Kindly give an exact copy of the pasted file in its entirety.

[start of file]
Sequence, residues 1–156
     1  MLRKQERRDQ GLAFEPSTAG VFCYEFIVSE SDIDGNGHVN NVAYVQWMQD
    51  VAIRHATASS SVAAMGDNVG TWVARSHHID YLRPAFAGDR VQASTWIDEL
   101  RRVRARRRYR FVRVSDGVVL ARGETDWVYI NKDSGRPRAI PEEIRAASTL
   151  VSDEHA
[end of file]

Sequence, residues 1–156
     1  MLRKQERRDQ GLAFEPSTAG VFCYEFIVSE SDIDGNGHVN NVAYVQWMQD
    51  VAIRHATASS SVAAMGDNVG TWVARSHHID YLRPAFAGDR VQASTWIDEL
   101  RRVRARRRYR FVRVSDGVVL ARGETDWVYI NKDSGRPRAI PEEIRAASTL
   151  VSDEHA